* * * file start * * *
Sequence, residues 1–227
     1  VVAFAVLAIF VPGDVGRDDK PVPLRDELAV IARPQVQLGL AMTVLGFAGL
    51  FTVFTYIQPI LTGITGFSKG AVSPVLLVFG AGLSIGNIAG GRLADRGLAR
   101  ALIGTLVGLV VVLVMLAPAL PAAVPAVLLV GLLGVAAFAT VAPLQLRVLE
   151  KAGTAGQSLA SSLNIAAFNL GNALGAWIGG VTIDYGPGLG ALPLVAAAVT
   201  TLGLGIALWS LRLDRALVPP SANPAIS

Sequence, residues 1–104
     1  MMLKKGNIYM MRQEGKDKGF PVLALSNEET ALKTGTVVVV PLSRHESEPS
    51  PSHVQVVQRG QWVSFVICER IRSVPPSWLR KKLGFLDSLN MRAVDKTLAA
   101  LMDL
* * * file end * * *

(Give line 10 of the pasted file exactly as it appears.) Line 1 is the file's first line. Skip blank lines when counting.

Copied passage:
   101  LMDL